sunrise-gift

Anniversary Sunrise

One very special gift came as my husband and I celebrated 38 years of marriage a few days after Christmas. We stole away to the beach to rest and relax a bit after the craziness of the holidays. This annual retreat is our anniversary gift to each other – has been so for most of those 38 years.   But Ed’s most meaningful gift to me was an early morning wakeup call. He realized that daylight was approaching, and, sensing a photo moment in the making, wakened me in time to watch and photograph a gorgeous sunrise. We spent a chilly yet strangely warm hour together on our hotel balcony, watching the miracle of a new day beginning.

My husband’s role as caregiver grows with each passing year. He is more aware than most of what I have lost. He is becoming a master at finding ways to help my creative spirit to soar.   Our annual trip became an opportunity for him to encourage this camera bug, looking for, creating opportunities, insisting that I dive in to something I can do fairly well. So, I was the grateful recipient of another sacred gift: His careful listening. Intentional choosing. Vigilant, loving awareness: Intangible, yet very real gifts that stand the test of passing years, aging bodies, changing times, evolving roles. For all my independent spirit, I discover that I stand much taller on the shoulders of gift givers who share their spirit with me. I am better because these loved ones choose to walk a mile in my shoes and then offer reminders about what life is really all about.

About vivace1017

I grew up in the hills of East Tennessee, in a well-educated, articulate, highly creative community. Venturing forth from my hometown at age 17, I attended a small college near Knoxville, and began my career as a music teacher in Taichung, Taiwan. I wound my way from there through grad school in Louisville, KY to a brief sojourn in Georgia, and landed finally, with a husband and two sons in south central Virginia. My career journey has meandered from private music studio to public school classroom, from church organ bench to grant writing and photography. Now, roles are changing again, settling into places that have always been a part of me, yet are only now realizing my best attention. This site is my internal voice as I work through who I have been, who I want to be, and the legacy I want to leave in my wake.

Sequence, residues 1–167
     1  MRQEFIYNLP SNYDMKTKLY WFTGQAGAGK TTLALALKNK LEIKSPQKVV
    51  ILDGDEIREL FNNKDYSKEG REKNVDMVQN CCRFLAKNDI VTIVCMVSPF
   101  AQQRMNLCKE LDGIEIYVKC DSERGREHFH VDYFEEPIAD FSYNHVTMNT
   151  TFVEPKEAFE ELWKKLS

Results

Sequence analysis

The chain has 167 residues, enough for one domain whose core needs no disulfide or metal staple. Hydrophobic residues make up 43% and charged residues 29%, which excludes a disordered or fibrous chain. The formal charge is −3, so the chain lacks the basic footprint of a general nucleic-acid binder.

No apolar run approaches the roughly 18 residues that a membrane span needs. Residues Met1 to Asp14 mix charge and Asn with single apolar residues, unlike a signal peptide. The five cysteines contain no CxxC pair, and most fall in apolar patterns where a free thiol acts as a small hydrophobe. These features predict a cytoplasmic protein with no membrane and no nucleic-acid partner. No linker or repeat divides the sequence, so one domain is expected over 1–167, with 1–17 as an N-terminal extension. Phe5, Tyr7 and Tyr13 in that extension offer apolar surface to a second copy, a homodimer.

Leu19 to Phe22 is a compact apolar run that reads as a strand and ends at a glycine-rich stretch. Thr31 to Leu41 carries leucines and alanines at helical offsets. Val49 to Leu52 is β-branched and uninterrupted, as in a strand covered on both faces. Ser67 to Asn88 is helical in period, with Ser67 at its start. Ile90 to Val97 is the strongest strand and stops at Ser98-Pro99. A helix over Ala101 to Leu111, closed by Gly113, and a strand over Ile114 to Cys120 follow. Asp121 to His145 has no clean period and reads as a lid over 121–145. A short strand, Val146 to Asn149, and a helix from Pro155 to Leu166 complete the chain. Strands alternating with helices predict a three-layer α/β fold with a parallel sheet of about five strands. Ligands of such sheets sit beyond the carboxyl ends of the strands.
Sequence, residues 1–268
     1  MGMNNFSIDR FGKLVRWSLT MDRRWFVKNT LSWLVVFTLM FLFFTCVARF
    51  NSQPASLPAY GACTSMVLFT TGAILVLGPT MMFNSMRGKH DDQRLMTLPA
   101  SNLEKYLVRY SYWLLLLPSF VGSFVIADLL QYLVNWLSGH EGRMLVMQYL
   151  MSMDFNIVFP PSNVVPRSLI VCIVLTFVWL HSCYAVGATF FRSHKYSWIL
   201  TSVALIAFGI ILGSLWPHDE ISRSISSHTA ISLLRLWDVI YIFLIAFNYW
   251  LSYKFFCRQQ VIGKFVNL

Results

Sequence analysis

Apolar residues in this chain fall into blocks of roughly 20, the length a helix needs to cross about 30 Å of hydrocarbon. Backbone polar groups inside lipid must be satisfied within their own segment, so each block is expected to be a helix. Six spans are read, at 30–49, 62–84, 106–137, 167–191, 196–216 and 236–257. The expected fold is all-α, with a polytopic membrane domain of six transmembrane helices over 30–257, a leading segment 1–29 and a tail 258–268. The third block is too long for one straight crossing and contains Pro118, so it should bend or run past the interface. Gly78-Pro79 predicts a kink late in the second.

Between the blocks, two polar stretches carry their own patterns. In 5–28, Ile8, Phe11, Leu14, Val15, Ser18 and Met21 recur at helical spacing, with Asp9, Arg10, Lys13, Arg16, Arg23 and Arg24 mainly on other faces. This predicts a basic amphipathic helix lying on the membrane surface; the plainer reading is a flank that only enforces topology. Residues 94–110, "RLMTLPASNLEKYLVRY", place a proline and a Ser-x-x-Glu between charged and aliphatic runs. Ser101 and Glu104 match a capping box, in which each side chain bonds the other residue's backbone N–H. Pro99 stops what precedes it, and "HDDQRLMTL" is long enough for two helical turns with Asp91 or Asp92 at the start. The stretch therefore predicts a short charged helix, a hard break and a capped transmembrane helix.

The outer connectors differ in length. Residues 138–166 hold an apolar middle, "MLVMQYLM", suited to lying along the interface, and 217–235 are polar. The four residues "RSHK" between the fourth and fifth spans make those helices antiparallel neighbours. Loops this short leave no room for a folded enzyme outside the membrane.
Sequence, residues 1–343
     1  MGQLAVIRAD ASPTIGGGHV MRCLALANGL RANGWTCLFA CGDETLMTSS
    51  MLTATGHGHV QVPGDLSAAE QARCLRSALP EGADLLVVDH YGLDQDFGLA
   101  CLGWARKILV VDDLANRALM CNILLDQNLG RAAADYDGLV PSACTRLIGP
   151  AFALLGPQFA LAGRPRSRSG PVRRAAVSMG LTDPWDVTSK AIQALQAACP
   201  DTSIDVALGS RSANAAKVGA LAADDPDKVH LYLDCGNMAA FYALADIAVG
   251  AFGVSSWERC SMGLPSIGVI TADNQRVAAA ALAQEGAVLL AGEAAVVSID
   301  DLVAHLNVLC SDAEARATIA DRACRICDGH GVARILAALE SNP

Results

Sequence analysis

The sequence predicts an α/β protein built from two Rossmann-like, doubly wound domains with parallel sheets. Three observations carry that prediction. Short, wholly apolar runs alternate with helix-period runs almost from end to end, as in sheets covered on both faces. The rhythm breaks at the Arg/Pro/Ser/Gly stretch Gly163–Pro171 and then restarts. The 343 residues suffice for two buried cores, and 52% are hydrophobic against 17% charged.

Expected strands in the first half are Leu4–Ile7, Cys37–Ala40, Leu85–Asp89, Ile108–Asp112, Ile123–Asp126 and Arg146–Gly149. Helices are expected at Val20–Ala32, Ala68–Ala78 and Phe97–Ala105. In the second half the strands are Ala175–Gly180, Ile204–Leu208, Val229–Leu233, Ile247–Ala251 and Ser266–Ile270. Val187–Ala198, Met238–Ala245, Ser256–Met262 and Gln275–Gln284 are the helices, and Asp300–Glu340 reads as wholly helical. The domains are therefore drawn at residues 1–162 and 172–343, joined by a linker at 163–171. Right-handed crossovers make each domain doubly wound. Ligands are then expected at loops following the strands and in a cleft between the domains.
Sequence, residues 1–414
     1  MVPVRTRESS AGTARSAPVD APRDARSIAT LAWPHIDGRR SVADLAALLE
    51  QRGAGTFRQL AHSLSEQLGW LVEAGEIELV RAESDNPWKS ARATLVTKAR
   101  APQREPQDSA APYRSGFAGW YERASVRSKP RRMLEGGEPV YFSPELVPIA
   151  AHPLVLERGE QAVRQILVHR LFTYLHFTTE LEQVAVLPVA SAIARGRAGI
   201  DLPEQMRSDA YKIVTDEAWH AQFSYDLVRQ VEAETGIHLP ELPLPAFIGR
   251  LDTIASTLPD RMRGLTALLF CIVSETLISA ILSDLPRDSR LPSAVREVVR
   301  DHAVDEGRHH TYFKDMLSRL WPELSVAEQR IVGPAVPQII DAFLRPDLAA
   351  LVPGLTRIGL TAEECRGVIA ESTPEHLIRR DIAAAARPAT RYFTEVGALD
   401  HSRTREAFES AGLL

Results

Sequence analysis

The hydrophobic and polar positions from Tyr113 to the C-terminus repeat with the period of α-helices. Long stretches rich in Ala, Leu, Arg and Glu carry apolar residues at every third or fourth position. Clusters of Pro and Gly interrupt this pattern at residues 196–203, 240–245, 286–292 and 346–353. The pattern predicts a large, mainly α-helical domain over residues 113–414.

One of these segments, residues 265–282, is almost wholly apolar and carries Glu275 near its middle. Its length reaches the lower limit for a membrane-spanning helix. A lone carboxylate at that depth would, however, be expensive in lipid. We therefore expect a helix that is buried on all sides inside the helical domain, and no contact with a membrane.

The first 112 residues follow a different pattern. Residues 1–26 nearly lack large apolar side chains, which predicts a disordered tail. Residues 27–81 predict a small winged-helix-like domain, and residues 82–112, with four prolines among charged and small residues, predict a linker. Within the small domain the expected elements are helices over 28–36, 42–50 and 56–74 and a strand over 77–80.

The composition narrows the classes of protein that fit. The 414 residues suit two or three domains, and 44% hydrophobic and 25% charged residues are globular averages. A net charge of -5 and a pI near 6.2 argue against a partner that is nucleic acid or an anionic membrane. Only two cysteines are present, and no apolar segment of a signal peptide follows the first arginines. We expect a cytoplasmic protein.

This entry was posted in Parkinson's Disease. Bookmark the permalink.

3 Responses to The Art of Giving

  1. Linda Moore says:

    Thank you for sharing. Your stories inspire me more than you know. Love to you and yours in this new year. God bless, Linda

  2. R W Caldwell jr says:

    Thanks, I always enjoy your thoughtful writings. See you later. Margaret

  3. Debby Watlington says:

    Thanks Kay! So beautifully written! Much love and blessings to you and yours! Happy New Year!

Leave a Reply

Fill in your details below or click an icon to log in:

WordPress.com Logo

You are commenting using your WordPress.com account. Log Out /  Change )

Google photo

You are commenting using your Google account. Log Out /  Change )

Twitter picture

You are commenting using your Twitter account. Log Out /  Change )

Facebook photo

You are commenting using your Facebook account. Log Out /  Change )

Connecting to %s